As the time stretches to a decade now since I was ill, I’m beginning to look back and say that although ante and post-natal depressions robbed me of memories with my babies and almost killed me, they also gave us great gifts.  In my quiet time my soul fell though wormholes time and again but, luckily, new information and knowledge did not.  Because I couldn’t talk, I learned to listen – even when I hated what I was hearing.  I learned to get comfortable with being uncomfortable and I can tell from the calibre of the people around me nowadays, that’s a very good thing.

And Twitter?  Twitter gives me the gift of being able to follow wildly intelligent and experienced people who’ve processed faster than me and are making me uncomfortable, privately, in the comfort of my own head as I try to catch up.   Twitter keeps me accountable for knowing and owning the difference between opinion and fact.  Perhaps most importantly, Twitter ensures awareness of my privilege rides everywhere with me, like a parrot on my shoulder, squawking at me intermittently and shitting into my comfort zone.


Other voices on privilege here and here.


Allow It

For the longest time I was scared that if I made a proper writing space for myself I’d fail to live up to it.  I had a feeling that if I went to the effort of making a space perfect I’d then sit in it, stymied by expectation and blocked by guilt of under-performing and using an area which could be better used for…. erm… anything or anyone but me?  A plant, perhaps?


Isn’t it strange, when we really start to reflect on what it is about ourselves that holds us back from doing the things we need and want to do?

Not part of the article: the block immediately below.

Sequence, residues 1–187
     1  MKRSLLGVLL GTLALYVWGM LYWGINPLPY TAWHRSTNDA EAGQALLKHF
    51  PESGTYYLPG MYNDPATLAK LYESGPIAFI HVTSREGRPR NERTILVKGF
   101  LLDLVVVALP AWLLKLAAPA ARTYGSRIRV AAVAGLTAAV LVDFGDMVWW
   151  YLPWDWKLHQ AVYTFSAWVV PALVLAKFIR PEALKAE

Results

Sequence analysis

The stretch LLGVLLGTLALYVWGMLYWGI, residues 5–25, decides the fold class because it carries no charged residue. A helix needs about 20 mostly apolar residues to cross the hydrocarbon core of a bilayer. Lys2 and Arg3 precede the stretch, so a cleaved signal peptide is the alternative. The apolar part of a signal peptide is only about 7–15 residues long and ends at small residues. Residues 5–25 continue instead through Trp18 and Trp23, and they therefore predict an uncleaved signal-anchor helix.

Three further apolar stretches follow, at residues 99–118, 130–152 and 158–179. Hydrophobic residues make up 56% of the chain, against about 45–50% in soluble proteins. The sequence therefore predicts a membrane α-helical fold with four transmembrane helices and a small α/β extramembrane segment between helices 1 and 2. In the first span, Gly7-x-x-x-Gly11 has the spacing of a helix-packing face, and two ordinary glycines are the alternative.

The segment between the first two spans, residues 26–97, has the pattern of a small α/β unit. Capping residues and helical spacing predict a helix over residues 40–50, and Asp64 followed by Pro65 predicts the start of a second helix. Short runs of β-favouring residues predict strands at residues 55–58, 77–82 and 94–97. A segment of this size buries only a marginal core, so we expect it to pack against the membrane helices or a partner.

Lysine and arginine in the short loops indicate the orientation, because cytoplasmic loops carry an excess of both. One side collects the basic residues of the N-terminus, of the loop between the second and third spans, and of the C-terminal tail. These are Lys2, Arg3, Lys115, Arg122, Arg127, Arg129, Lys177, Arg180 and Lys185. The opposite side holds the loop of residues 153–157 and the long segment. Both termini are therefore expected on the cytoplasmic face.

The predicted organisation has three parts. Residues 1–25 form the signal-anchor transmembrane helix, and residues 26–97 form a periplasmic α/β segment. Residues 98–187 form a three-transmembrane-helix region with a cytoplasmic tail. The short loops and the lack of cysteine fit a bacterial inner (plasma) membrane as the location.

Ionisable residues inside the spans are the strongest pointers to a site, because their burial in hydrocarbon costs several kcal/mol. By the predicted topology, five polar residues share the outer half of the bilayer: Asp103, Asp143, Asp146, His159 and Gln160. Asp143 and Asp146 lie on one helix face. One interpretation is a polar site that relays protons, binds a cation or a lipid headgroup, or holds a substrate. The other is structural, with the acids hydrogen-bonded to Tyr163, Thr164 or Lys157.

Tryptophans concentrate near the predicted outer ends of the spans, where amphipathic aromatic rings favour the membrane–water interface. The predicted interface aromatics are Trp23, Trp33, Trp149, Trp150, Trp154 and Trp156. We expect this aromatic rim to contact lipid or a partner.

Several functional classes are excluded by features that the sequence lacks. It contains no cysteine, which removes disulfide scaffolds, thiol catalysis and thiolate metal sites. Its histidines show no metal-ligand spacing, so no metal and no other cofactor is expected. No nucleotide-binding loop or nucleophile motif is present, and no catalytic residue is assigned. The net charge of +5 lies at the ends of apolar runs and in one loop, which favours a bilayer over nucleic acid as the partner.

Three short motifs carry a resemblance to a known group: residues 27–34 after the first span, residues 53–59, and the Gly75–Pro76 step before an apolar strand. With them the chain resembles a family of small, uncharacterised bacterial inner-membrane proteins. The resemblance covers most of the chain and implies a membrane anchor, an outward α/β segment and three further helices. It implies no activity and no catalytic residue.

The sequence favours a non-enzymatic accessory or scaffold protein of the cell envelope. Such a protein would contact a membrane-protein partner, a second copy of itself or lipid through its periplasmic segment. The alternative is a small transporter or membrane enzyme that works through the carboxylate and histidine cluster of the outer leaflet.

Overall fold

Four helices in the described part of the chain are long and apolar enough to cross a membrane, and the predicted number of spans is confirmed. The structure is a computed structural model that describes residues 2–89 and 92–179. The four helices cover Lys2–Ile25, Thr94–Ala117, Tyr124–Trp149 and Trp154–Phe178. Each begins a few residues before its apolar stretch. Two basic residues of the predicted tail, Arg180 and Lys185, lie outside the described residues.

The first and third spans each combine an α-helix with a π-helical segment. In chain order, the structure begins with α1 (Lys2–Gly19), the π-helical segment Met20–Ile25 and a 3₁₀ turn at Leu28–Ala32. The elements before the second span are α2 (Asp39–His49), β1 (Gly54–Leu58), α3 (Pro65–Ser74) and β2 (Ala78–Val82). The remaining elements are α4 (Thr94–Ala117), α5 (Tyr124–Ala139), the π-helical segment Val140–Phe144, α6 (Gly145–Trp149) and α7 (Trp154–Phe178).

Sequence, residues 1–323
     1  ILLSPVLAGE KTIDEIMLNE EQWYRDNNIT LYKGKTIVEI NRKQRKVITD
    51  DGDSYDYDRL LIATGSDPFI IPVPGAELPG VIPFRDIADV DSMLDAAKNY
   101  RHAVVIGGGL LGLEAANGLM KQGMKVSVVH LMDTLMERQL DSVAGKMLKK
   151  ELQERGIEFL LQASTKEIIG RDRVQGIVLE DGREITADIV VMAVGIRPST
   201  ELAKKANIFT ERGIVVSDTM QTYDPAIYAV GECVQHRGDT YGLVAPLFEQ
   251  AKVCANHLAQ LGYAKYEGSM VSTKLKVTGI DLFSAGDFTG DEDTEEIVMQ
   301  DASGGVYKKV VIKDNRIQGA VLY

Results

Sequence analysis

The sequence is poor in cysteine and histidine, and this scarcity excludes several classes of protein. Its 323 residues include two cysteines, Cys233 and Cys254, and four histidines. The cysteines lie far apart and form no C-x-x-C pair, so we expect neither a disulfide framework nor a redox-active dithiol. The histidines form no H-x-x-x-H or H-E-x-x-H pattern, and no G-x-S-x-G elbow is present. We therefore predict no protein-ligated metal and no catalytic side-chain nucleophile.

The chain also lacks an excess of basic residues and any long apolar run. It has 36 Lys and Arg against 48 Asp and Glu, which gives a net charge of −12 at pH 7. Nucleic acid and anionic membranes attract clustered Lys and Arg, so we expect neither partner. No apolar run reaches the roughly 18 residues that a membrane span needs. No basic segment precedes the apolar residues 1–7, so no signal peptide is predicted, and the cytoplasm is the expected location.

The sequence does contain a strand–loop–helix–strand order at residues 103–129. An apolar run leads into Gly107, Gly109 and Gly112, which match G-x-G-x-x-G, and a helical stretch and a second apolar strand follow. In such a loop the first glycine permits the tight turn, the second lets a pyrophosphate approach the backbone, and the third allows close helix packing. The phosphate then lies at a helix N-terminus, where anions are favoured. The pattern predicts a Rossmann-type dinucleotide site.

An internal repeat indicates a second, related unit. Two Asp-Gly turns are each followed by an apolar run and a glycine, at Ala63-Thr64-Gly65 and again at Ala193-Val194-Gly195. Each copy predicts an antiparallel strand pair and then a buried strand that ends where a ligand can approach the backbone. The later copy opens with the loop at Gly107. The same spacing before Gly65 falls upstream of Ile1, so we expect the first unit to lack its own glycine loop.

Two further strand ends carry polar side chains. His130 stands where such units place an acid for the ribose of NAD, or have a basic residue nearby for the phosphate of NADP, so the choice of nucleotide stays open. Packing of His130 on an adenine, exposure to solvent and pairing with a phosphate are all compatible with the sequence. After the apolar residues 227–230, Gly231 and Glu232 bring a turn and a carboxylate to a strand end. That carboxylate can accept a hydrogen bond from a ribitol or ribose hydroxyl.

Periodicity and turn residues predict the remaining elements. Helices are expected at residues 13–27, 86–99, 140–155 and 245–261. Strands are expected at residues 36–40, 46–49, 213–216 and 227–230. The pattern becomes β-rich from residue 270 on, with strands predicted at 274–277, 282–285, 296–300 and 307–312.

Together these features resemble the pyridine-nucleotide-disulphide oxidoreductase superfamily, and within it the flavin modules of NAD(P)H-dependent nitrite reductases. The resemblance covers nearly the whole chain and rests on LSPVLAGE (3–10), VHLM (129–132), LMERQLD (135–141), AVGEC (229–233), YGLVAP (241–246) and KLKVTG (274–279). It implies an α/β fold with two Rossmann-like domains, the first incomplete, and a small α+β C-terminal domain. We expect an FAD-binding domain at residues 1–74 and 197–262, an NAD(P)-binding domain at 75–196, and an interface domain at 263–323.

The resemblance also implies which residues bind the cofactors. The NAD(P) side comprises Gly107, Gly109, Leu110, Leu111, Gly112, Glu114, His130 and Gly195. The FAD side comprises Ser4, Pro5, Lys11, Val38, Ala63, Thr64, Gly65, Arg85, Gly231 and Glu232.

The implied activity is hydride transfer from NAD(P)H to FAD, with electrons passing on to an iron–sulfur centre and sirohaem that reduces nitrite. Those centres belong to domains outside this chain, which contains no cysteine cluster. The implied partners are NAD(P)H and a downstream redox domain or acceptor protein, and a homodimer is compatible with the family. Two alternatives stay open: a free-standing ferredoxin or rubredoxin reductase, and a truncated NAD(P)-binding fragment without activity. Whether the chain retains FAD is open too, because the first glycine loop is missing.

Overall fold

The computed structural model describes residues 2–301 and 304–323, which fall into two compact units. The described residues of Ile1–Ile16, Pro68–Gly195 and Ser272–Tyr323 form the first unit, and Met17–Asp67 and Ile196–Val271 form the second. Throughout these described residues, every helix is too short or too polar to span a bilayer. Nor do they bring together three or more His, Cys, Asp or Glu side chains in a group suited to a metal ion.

I felt that making a dedicated space for myself to write in would be like kicking off a beginning and an end at the same time- like the proverbial exercise equipment in most homes at some point – in it comes with good intentions and, eventually, out it goes as a dusty clothes horse everyone bruised shins on and cursed at.  Somewhere in the middle there was a choice, spoken or silent, to deviate from intention.  It’s quite often that middle time that’s the difficult animal to keep looking in the eye, I find.

I guess the thing I intuitively knew I had to do before claiming a space, was to claim a habit.  I had to turn my sporadic bouts of writing into a regular way of life.  I had to assimilate the practice of writing alongside everything else I did regularly or, I knew, the assertion of being a writer just would not take wing.  I had to do the beginning and the middle so the writing space would be a continuation and not an end because – fear of fears – if I didn’t claim the habit now another decade would pass.  Another ten years would go and I’d be sitting again, just dabbling my toes in the water I knew I could go swimming in but kept choosing to avoid for fear of failure.


So I set about it.  Long story short, I now have a space in which I write.  It’s heaven.  I let myself trust after a year of writing for a minimum of four days a week that I had established a habit.  I quietly cleared an area, begged the family to not really mention it so I could slip into it without fanfare and restarted the sentence I’d got half way through in my bed the day before.

It’s nice, to feel calm enough to do things in my own time.  Additionally, the space has given me gifts I didn’t know were coming;

  1. Greater productivity – no set up or tidy up times means more time on the page.
  2. Capturing thoughts as and when they happen is easier and less stuff is forgotten, so less woe, regret and general negativity occurs.
  3. Occupying a space you know you’ve worked to deserve is a power in itself, and from this, like magic, more creativity and power grows.  Think Magic Porridge Pot but with words, coffee cups and epiphanies.  I have no idea where it’s all eventually heading.  I hope I get to a point of pointing at my screen and declaring I might have birthed a book but the more I enjoy the process the more the offshoots get more interesting too.